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Chandler Arizona
I am by no means an expert, but looking at the rebar on the exterior wall, looks weak at best. But good job on the pics, and let’s wait for the experts to have a look.
 

JamesW

TFP Expert
Mar 2, 2011
16,589
Looks like some serious structural cracks.

Realistically, a qualified engineer is going to be needed to evaluate the existing structure and determine if reinforcements will be a viable solution or not.

They might need to do core samples of the concrete and/or the ground to determine what the conditions are.

I don't think that piers will make any difference to the way that the cracks are developing. They might help some under the wall to support the wall but getting them under the wall would be difficult at best.

Piers will mainly prevent sinking, which I don't think is the issue.

Looking more closely at the construction pictures, it seems that there is something odd about the gunite where the cracks are.

The color seems different.

The wall is so tall that it's going to put greater than normal stress on the transition from wall to floor.

In my opinion, there should be extra support going into the ground straight down from the wall to support the wall so that the force is not transferred to the floor.

The transition should be extra thick with larger rebar to take the necessary stress.

The transition also requires extra care as to the application of the gunite/shotcrete to avoid weakness. Rebound, or cold joints need to be avoided and the mix needs to be just right.

If the concrete was too hot or too cold or too wet or too dry, that can affect the strength. You would also want a stronger than usual concrete mix for this job. A standard mix is not adequate.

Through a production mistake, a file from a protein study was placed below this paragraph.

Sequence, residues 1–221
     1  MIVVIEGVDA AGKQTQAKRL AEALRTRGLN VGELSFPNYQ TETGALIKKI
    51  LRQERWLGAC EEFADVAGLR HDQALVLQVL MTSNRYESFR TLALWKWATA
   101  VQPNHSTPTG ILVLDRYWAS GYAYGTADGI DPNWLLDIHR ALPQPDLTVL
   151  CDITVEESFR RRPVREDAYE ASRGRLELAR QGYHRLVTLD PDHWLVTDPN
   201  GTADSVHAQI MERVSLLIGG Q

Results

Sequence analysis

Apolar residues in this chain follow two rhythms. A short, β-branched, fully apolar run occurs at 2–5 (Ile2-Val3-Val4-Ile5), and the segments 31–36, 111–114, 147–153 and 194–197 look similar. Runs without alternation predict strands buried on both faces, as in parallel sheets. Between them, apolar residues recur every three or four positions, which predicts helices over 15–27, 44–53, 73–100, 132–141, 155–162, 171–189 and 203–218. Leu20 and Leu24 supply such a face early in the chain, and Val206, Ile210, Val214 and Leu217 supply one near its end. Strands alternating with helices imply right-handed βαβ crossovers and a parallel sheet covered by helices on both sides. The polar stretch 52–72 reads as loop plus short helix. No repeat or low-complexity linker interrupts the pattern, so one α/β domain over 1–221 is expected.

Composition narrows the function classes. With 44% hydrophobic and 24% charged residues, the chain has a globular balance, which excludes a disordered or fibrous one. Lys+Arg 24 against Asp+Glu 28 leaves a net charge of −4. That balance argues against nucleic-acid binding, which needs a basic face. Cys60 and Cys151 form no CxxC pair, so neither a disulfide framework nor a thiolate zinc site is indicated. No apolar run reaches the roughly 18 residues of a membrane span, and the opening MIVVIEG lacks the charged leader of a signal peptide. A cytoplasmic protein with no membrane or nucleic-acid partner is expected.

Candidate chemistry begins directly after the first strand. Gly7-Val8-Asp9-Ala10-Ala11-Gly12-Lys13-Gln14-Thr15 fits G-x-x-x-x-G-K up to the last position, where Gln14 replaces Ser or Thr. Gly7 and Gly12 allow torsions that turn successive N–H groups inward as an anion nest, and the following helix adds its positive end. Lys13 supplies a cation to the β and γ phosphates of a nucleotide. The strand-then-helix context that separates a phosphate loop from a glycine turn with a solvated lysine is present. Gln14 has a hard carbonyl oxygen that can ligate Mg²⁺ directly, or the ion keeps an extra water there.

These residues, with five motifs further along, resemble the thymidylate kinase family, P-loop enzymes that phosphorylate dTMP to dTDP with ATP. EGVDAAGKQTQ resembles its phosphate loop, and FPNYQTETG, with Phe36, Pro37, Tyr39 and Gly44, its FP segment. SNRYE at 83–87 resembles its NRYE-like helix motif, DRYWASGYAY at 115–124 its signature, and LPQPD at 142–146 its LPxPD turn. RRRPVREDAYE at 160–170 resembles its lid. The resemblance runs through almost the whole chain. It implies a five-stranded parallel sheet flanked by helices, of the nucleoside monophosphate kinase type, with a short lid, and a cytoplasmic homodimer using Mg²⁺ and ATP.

Many pools can be done without a detailed engineering plan because they are simple.

This pool is not a regular simple pool and absolutely requires a detailed engineering plan. Regular construction procedures and materials are not adequate.
 

riley00dog

Gold Supporter
Nov 14, 2017
2,213
Brisbane, Qld, Australia
Oh gee. I don’t have any expert advise for you, but just wanted to say good job on documenting the build so well. If that were my pool I would be pushing for a full redo, as heartbreaking as that would be. It’s good that the home builder is wanting it fixed. I hope the Pb isn’t difficult to deal with. Hopefully that will be the hb job not yours. I’m honestly a bit shocked to see that they have tried to fix some of those cracks. All the best finding a solution.
 

bdavis466

TFP Expert
Platinum Supporter
Aug 4, 2014
5,057
San Clemente, CA
The back wall was grossly underbuilt and their method of constructing it didn't help.

Were any Soil tests done? Were compaction tests done on the backfill? Was this permitted/inspected?

Was the pool shell was actually engineered? One of your previous posts seemed to mention is wasn't.

This really is a shame because that's a beautiful pool in an amazing setting...
 

bdavis466

TFP Expert
Platinum Supporter
Aug 4, 2014
5,057
San Clemente, CA
The cracks that run parallel to the back wall at the cove transition are a dead giveaway of the lack of reinforcement for that freestanding wall. That section of the pool receives the highest amount of stress since the force on that location increases exponentially relative to the height of the wall - basically a giant lever against the floor.